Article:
Take the 2-minute tour ×
Mathematics Stack Exchange is a question and answer site for people studying math at any level and professionals in related fields. It's 100% free, no registration required.

Prove or disprove:

Let $\rho : \mathbb{N} \rightarrow \mathbb{N}$ injective. Let $(a_{n})_{n \in \mathbb{N}}$ be a sequence.

(i) If $\displaystyle\sum\limits_{n=1}^\infty a_{n}$ absolutely converges then $\displaystyle\sum\limits_{n=1}^\infty a_{\rho(n)}$ also converges absolutely.

(ii) If $\displaystyle\sum\limits_{n=1}^\infty a_{n}$ converges then $\displaystyle\sum\limits_{n=1}^\infty a_{\rho(n)}$ also converges.

So my understanding is that a series converges if the infinite sum of the series is the limit? It converges absolutely if $\displaystyle\sum\limits_{n=1}^\infty |a_{n}|$ converges. The way I am reading the $a_{\rho(n)}$ 's is that they denote some sort of permutation or rearrangement of the original series. Aside from that though, I am absolutely lost when it comes to approaching this problem... In general am I looking for an $\epsilon >0$ which is greater than $a_{\rho(1)}+ \dots +a_{\rho(n)}$ ? If so, how do I begin trying to find it?

share|improve this question
    
You may also be interested in the Riemann series theorem, mathworld.wolfram.com/RiemannSeriesTheorem.html and its extensions due to Sierpinski, that came up recently in a question on MO: mathoverflow.net/questions/47589/… –  Andres Caicedo Dec 3 '10 at 3:37

3 Answers 3

up vote 9 down vote accepted

For (i):

Suppose that $\sum a_n$ converges to $a \in \mathbb{R}$. So if $\epsilon > 0$ there exists N such that if $n, l > N$ and $s_n = a_1 + \ldots + a_n$ then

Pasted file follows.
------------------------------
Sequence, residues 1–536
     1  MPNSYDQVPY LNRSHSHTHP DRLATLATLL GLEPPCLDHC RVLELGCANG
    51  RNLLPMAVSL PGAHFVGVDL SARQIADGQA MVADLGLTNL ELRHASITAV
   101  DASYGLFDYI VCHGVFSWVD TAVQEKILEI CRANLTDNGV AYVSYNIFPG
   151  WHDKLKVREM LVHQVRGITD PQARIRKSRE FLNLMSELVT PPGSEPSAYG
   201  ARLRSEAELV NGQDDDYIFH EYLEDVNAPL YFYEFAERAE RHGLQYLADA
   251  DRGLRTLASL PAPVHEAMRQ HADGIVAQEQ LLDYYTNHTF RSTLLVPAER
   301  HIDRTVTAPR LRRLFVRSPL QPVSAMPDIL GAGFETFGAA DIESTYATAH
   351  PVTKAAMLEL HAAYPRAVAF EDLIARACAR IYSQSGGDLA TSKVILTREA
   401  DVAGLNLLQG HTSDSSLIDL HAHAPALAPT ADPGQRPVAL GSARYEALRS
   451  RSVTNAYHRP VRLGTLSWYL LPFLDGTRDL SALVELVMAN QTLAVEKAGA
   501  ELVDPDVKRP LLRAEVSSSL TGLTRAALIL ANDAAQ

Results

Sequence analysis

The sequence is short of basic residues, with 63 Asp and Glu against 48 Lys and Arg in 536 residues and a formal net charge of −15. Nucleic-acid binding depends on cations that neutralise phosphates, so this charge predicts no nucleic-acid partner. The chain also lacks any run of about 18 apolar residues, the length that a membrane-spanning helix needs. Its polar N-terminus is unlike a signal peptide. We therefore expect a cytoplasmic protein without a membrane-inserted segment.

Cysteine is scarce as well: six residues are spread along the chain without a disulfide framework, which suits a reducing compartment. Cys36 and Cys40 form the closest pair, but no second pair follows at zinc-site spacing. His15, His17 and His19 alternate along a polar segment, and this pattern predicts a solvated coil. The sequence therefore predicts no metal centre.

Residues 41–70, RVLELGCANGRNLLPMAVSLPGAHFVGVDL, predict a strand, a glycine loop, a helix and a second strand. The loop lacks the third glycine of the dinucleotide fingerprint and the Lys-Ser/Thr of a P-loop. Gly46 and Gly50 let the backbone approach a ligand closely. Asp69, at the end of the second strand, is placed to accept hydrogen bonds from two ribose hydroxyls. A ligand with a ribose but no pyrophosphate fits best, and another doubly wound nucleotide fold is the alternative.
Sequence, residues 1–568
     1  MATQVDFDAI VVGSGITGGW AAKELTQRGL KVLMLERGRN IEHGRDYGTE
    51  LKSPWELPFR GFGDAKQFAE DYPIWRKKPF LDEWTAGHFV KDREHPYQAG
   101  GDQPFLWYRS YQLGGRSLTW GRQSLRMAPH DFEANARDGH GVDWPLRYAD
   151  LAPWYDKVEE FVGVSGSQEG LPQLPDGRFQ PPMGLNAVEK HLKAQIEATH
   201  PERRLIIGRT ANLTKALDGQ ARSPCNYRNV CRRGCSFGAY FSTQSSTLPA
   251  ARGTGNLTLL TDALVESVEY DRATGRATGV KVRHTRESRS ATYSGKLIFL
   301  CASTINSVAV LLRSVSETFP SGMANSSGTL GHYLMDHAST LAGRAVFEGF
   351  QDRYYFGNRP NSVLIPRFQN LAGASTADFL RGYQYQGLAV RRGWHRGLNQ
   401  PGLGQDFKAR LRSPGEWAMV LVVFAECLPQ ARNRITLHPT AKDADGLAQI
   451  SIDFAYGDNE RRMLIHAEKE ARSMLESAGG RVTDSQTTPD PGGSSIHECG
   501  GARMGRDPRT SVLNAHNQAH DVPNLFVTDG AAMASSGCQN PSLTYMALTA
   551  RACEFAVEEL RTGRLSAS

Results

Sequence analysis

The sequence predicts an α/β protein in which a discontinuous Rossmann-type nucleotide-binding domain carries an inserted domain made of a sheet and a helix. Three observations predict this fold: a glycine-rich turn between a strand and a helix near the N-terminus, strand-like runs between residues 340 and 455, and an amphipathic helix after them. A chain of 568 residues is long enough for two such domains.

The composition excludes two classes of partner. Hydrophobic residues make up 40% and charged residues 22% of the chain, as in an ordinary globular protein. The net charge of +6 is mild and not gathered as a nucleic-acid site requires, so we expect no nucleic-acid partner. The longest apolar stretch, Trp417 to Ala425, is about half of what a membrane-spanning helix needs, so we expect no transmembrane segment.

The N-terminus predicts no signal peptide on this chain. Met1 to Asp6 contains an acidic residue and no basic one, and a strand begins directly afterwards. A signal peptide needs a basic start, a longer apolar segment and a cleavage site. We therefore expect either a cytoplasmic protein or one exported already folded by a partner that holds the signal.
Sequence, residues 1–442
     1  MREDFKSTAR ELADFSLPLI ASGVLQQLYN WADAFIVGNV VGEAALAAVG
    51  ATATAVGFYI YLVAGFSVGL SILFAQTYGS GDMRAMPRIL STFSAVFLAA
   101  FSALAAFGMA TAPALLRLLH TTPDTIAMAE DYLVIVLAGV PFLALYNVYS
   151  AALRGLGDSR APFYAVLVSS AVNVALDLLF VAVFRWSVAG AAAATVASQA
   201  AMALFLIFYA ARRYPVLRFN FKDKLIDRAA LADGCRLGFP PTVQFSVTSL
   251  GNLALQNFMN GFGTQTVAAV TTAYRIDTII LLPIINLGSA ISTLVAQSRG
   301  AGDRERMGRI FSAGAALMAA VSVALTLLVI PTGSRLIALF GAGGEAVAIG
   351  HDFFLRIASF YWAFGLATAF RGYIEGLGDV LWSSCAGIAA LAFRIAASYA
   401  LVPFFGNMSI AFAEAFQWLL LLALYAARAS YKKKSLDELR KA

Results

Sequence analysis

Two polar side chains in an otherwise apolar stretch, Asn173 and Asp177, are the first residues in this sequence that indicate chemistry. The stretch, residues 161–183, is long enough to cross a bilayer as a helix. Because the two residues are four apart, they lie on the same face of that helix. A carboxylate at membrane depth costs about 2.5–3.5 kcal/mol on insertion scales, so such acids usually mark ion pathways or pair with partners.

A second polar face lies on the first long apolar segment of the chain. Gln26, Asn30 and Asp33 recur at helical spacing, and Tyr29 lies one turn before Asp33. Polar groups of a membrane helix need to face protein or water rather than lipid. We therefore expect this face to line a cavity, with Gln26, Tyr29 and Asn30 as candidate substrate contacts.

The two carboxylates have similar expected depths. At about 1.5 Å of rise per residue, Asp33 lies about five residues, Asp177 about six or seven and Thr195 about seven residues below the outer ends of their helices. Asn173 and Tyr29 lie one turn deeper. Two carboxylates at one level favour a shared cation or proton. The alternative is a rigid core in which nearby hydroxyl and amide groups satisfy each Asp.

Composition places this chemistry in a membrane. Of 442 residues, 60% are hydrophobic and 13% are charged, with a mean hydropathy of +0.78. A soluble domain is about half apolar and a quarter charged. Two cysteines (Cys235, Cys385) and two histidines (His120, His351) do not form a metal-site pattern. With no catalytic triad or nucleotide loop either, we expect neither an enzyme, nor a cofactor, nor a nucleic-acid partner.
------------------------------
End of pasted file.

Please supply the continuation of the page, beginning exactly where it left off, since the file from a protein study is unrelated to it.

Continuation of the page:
$$|a - s_n| < \epsilon \text{ and } \sum_{k = N + 1}^l |a_n| < \epsilon.$$

Now let $M \in \mathbb N$ such that the terms $a_1, \ldots, a_N$ are contained as sum elements in $t_m = a_{\rho(1)} + \ldots + a_{\rho(M)}$. So now we have that for $m \geq M$ that $t_m - s_n$ is a sum of finitely many terms $a_l$ with $l > N$. So, for some $l > N$ we have that

$$|t_m - s_n| \leq \sum_{k = N + 1}^l |a_n| < \epsilon.$$

So for $m \geq M$ we have:

$$|t_m - a| \leq |t_m - s_n| + |s_n - a| < \epsilon + \epsilon = 2\epsilon.$$

So the rearrangement converges.

(ii) is not true. Let $\sum_n (-1)^n/n$ then take the $\rho$ which maps the integers injectively to the even integers.

share|improve this answer

I just want to give an alternative proof for (i).

To say that $\rho : \mathbb{N} \rightarrow \mathbb{N}$ is injective means that for every $n \in \mathbb{N}$, $\rho(n) \in \mathbb{N}$, and if $n \neq m$, then $\rho(n) \neq \rho(m)$. Define $S^*_n = |a_1| + |a_2| + \cdots + |a_n|$, and $\tilde S^*_n = |a_{\rho(1)}| + |a_{\rho(2)}| + \cdots + |a_{\rho(n)}|$. Obviously, since $\rho$ is injective, $\tilde S^*_n \leq |a_1| + |a_2| + |a_3| + \cdots$. But the right-hand side exists as a finite nonnegative number (since $\displaystyle\sum\nolimits_{n=1}^\infty a_{n}$ absolutely converges, or, equivalently, $S^*_n$ converges). So, $\tilde S^*_n$ is a monotone increasing sequence, bounded from above by $\sum\nolimits_{n = 1}^\infty {|a_n |}$. Hence, $\tilde S^*_n$ converges to a finite nonnegative number $\tilde S^* \leq \sum\nolimits_{n = 1}^\infty {|a_n |}$. That is, $\displaystyle\sum\nolimits_{n=1}^\infty a_{\rho(n)}$ converges absolutely to $\tilde S^*$.

share|improve this answer

Here is a third alternative to statement (i).

Let $A=\sum_{n=1}^\infty |a_n|$ and consider the sequence of partial sums $S_N=\sum_{n=1}^N |a_{\rho(n)}|$.

(1) Since $\rho$ is injective $S_N\le A$ for all $N$.

(2) Note that $S_N\le S_{N+1}$ for all $N$.

By (1) $S_N$ has a finite least upper bound (that is $\sup S_N<\infty$), and by (2) the sequence grows to that bound.

share|improve this answer

Your Answer

 
discard

By posting your answer, you agree to the privacy policy and terms of service.

Not the answer you're looking for? Browse other questions tagged or ask your own question.